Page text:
|Figure 1. Activity patterns of Clithon faba and C. oualaniensis during 24h from 29 to 30, June, 1989. An upward wedge indicates the time of high tide (16:54, 137cm above datum; 3:57, 171cm) and a downward wedge the time of low tide (10:17, 45cm above datum; 21:56, 101cm; 11:18, 31cm). A half-toned area denotes dark period from the sunset at 19:56 to the sunrise at 5:24. Percentages of moving snails and pairing snails were calculated when the number of visible snails ('exposed on substratum' + 'partly buried') was more than 10.
Thus, C. faba and C. oualaniensis exhibited a common feature of activity that the snails appear at low tide and burrow into sand at high tide, regardless
of day and night. Crawling on substratum at low tide seems to enable both species to feed and copulate. One notable difference between the two species is that the density of exposed C. oualaniensis decreased earlier than that of C. faba at low tide in the daytime (Fig. 1; 10:00-14:00, July 29). During this period, more snails of C faba were exposed on substratum in Quadrat A with small pools, compared to C. oualaniensis on the relatively dry surface in Quadrat B. On the other hand, at damp sites with pools around the study site, C. oualaniensis were
still abundant on substratum during the same period. It is probable that the relatively dry surface in Quadrat B restricted the movement of C. oualaniensis,
so that the observed discrepancy between C. faba in Quadrat A and C. oualaniensis in Quadrat B is not simply attributable to interspecific deference.
Abe (1934) reported that a soft-bottom snail, Batillaria multiformis appeared on the substratum at low tide and burrowed back into the sand before
the tide covered its habitat. Budiman (1988) also found that the number of active snails on substratum was largest shortly after the tide receded and decreased through the low tide before submergence, burying themselves into substratum. These are consistent with the present result: C. faba and C. oualaniensis crawled on the sand at low tide and started to burrow before their habitats were covered by rising tide. Submergence itself does not seem to be the major cue to induce burrowing, and for the mechanisms of this behavior, reduction in surface moisture, as well as other factors such as an endogenous rhythm, should be considered.
Light and dark conditions does not seem to affect the activity patterns of Clithon faba and Clithon oualaniensis at the study site so intensively as tidal cycles, however, the snails burrowed earlier before submergence and less snails were on the substratum under water in the daytime than at night. Budiman (1988) mentioned that C. oualaniensis can reduce the mortality by visual underwater predators, as well as the risk of being dislodged by waves, by burrowing. One of the major predators for benthic invertebrates in the Nagura Lagoon may be a puffer, Chelonodon patoca (Hamilton) that is seen to intrude the Nagura Estuary at high tide and forage at the bottom actively. Shokita et al. (1988) reported that two species of Neritidae, although not Clithon, were found in the gut content of C. patoca from mangrove estuaries in Okinawa. The present result that C. faba and C. oualaniensis burrowed more promptly before submergence and disappeared more completely from the surface at daytime high-tide than at night high-tide seem to support the Budiman's hypothesis of the effect of visual underwater predators.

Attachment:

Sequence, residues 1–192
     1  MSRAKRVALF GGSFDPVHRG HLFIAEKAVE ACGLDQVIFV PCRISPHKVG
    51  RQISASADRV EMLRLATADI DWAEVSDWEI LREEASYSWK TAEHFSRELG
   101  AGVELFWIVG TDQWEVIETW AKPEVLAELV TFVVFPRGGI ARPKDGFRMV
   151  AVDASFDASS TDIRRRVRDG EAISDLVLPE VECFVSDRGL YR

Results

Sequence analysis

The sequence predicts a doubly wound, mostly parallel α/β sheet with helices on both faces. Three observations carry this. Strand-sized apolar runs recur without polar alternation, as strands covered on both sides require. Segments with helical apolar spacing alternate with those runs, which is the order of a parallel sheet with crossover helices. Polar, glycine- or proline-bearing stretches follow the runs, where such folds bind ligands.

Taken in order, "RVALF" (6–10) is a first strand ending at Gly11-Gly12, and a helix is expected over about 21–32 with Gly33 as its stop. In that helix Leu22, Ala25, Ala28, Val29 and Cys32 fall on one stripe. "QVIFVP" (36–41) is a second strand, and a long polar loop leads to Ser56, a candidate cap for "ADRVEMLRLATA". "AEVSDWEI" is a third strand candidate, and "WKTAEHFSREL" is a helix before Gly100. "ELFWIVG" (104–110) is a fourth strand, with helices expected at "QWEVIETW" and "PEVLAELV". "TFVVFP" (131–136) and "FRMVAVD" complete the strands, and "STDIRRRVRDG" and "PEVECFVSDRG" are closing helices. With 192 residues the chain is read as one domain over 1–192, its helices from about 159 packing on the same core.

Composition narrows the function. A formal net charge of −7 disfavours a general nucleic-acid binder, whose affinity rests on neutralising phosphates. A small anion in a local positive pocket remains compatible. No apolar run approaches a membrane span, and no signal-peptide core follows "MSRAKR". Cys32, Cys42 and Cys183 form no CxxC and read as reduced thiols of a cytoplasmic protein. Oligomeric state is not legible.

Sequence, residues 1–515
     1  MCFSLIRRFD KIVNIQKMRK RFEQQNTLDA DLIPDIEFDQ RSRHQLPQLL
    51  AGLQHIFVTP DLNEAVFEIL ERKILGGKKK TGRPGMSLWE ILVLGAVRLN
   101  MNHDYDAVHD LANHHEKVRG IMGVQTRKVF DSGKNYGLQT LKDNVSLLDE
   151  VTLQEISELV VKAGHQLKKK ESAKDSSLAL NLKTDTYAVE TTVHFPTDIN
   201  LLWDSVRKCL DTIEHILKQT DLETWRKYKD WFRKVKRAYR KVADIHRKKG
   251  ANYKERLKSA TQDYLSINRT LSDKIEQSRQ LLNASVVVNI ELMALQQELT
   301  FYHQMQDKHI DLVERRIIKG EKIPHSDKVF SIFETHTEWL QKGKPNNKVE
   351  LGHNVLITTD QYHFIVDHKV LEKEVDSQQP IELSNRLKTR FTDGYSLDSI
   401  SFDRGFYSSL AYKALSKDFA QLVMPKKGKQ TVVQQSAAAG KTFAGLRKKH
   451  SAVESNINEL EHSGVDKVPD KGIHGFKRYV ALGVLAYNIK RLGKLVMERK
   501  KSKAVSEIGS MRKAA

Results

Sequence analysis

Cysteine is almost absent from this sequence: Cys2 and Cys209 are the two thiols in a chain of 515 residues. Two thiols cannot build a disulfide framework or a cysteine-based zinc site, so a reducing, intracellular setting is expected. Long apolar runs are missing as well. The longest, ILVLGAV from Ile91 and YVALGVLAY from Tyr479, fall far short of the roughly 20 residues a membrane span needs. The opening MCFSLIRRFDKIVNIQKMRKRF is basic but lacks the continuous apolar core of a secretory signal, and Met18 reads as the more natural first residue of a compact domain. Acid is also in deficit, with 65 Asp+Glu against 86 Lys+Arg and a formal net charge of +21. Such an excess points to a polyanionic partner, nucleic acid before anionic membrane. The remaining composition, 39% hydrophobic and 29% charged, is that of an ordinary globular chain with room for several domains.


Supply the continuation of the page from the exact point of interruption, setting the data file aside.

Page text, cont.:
Based on the present study, the following explanation could be proposed for the behavior of the two species. C. faba and C. oualaniensis feed and
copulate on the surface at low tide, but burrow into the substratum to avoid the risk of underwater predators and of being dislodged by water movement. Further investigations will enable more detailed analysis on the patterns and adaptive significance of the activity patterns of these species.
Acknowledgments: I am grateful to Dr. Naoya Abe and Dr. Takeharu Kosuge for reading the manuscript.
Abe N 1934 Ecological observations on Batillaria multiformis (Lischke) Sci. Rep. Tohoku. Imp. Univ. Ser. Biol. 8: 383-398.
Budiman A 1988 Aspect of ecology of Clithon oualaniensis (Gastropoda: Neritidae) on Sonneratia pioneer zone at Sosobok River, Kao Bay, Halmahera. in Biological Systems of Mangroves, a Report of East Indonesian Mangrove Expedition, 1986. eds. K Ogino & M Chihara, Ehime University, 59-65.
Benthem Jutting W S S 1956 Systematic studies on the non-marine Mollusca of the Indo-Australian Archipelago. V. Critical revision of the Javanese freshwater gastropods. Treubia 23: 273-284.
Shokita S, Amemiya T, Yoshida Y, Morishima H 1988 Fish fauna and their feeding habits in the mangroves of Okinawa. in Basic studies on the dynamics and conserbation of mangrove ecosystems, 61-76. Ministry of Education, Science and Culture, Japan (in Japanese).
要約： 沖縄県石垣島の名蔵川河口干潟で、カノコガイClithon fabaとヒメカノコガイClithon oualaniensisの活動パターンを調べた。1989年6月29日から30日の24時間、それぞれの単独生息域内50